Arbutus unedo is appreciated for its beautiful red fruits that look like strawberries.
A summary of A. unedo key facts
Name – Arbutus unedo
Family – Ericaceae
Type – shrub
Height – 6 ½ to 16 feet (2 to 5 meters)
Exposure – full sun, part sun
Soil – ordinary, well drained
Foliage: evergreen – Flowering: early autumn – Harvest: autumn a year later
Planting, care, and pruning are key to making sure your Strawberry tree will thrive and produce many flowers and edible berries!
Planting an Arbutus unedo tree
Fall is the best season to plant your Arbutus unedo tree but you can still plant it without dire consequence until spring, as long as you are able to avoid frost spells.
When planting in spring, provide for adequate watering after the planting.
- A. unedo prefers locations with high exposure to sunlight.
- All types of soil will do, but it’s better if it drains well.
- The hardiness of this tree is quite good: 5°F (-15°C). This is zone 8 and warmer in the USA, and zone H5 and warmer for the United Kingdom.
For hedges, space the trees at least 32 inches (80 cm) apart.
- Refer to our guidelines for planting shrubs.
Caring for Arbutus unedo
Caring for this tree is easy: since it’s used to growing in harsh environments, not much is needed. As years go by, you’ll have less and less to worry about!
Arbutus unedo pruning
Pruning of the Arbutus unedo tree is best done in spring.
Avoid pruning in fall, because you would be pruning off the magnificent berries that form and stay on the tree over winter.
- Follow our advice on pruning arbutus unedo trees.
- For Arbutus unedo trees planted in a hedge, follow this advice on pruning hedges.
Watering Arbutus unedo
This tree won’t need any watering at all, apart from the day it’s planted.
The only exception? When you grow it in a pot!
- It’s recommended to water potted arbutus every week during the summertime.
Disease and treatments for Arbutus unedo
The most common disease for an arbutus tree is a type of fungus that covers leaves with black spots.
In the end, leaves fall off because they’re not able to help the tree photosynthesize anymore. However, this never kills the tree: new leaves grow back faster than sick ones fall off.
Nonetheless, it’s best to spray Bordeaux mix to keep the disease from appearing or spreading.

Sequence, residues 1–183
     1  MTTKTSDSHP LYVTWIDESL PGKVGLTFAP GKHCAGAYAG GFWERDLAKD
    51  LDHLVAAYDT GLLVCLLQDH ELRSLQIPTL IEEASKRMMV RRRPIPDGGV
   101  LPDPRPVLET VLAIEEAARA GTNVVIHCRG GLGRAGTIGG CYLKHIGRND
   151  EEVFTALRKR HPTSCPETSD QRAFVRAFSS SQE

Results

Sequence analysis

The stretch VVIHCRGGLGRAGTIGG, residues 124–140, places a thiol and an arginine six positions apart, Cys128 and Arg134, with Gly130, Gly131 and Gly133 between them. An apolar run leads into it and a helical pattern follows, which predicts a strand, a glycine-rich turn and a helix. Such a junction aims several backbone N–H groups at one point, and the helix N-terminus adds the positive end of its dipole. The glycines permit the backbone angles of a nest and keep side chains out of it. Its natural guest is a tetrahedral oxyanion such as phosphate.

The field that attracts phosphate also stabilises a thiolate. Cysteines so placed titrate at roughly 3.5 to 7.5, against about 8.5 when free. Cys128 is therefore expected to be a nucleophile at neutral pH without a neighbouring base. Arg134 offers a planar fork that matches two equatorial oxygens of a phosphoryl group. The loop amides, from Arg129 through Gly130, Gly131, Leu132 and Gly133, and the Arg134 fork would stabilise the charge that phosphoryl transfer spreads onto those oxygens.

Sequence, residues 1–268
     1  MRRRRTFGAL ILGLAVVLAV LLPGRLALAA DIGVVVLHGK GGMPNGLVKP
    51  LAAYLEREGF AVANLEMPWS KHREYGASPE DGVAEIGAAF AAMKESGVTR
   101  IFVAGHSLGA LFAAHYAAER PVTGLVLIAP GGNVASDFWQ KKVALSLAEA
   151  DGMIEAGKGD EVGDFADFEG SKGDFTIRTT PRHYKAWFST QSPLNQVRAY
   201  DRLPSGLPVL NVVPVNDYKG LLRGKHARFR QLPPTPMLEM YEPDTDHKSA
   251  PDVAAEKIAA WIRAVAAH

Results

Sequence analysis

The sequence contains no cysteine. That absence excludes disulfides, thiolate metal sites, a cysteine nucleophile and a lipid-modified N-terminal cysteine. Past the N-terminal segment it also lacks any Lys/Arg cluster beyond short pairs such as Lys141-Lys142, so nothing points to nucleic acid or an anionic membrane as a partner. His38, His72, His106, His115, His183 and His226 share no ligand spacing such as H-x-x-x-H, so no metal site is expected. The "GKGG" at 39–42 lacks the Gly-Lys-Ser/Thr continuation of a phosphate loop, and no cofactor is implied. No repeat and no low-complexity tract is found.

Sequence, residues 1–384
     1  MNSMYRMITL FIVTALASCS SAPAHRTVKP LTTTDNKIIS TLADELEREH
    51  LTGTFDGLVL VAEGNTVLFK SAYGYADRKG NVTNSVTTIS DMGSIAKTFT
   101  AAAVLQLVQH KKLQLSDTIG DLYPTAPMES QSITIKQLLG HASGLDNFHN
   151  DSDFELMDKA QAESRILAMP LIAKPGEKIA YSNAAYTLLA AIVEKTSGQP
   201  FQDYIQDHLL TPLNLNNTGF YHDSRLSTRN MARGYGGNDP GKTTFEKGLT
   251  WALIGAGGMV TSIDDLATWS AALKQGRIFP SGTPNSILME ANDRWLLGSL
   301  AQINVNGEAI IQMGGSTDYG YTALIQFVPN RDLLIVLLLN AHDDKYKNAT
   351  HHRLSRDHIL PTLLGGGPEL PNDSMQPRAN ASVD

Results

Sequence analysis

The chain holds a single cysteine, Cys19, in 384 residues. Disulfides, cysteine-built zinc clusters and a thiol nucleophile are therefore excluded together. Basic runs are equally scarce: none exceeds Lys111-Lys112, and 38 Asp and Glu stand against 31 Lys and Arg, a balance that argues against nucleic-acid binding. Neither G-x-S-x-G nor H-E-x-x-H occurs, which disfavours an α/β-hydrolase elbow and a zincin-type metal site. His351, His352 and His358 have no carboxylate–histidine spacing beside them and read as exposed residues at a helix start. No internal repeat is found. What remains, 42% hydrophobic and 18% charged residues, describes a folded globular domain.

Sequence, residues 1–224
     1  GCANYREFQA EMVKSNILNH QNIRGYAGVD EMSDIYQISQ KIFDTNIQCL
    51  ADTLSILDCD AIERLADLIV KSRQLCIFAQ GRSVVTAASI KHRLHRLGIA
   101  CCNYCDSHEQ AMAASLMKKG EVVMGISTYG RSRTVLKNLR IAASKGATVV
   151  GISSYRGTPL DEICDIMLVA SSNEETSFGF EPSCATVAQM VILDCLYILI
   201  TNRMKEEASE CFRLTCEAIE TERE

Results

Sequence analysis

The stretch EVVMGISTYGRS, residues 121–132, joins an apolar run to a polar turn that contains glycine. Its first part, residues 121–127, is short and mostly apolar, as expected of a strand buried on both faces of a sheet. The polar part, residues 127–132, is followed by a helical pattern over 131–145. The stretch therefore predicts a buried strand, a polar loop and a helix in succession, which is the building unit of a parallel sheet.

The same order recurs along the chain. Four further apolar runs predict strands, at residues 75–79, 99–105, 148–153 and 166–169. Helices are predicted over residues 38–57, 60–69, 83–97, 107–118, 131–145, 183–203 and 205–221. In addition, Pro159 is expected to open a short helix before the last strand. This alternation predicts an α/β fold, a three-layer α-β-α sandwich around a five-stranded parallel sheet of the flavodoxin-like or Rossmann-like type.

Harvesting and using the berries
It’s important to wait until the berries are soft and red: this is when they’re ready for harvest. Any earlier and they’ll taste powdery and bland, and not sweet at all.
Arbutus unedo berries are edible
However, don’t try to eat them raw. The taste, when uncooked, isn’t very good.
- Luckily, it’s delicious when you make jam from Arbutus tree berries, and it’s also tasty to make syrup and liquor with!
Actually, the “unedo” part of the scientific name is said to come from old Latin “unus” and “edo” which means “one edible”. Not that it is toxic: simply that since the taste isn’t very delicious when raw, eating one is more than enough!
A note on its other health benefits: bark shavings are a diuretic, helping to trigger micturition (peeing). Roots help fight against hypertension.
Learn more about Arbutus unedo
Arbutus unedo is a very beautiful shrub that bears cute edible fruits. That’s why it’s also called the strawberry tree.
This tree grows to over 15 feet (5 meters), and its lifespan ranges from 100 to 400 years. This is a slow grower, making it a great option for small gardens and containers.
Arbutus unedo is naturally present around the entire Mediterranean ocean, and it grows well along coastlines.
You may plant it as a standalone and also as part of a hedge to decorate your hedge in winter thanks to its ornamental berries. Flowers, though not very showy, are cute and pearly-white.
Surprising peeling bark
On top of hosting those bright red ping-pong ball-sized berries, the amazing bark of the tree will increase your garden’s winter appeal!
Easy to care for, Arbutus unedo adapts to all soil types, either in beds or in hedges, or in pots or garden boxes for a terrace.
Read more about shrubs:
Smart tip about Arbutus unedo
No need to add any fertilizer, but it is a good idea to mulch the base of the tree to avoid weed growth in summer and protect roots when winters are cold.
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